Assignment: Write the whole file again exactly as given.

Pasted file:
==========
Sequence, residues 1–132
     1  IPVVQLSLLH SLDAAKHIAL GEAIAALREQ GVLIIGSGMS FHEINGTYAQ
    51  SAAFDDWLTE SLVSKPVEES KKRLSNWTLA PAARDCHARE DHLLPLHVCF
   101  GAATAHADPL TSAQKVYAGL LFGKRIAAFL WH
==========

Sequence, residues 1–132
     1  IPVVQLSLLH SLDAAKHIAL GEAIAALREQ GVLIIGSGMS FHEINGTYAQ
    51  SAAFDDWLTE SLVSKPVEES KKRLSNWTLA PAARDCHARE DHLLPLHVCF
   101  GAATAHADPL TSAQKVYAGL LFGKRIAAFL WH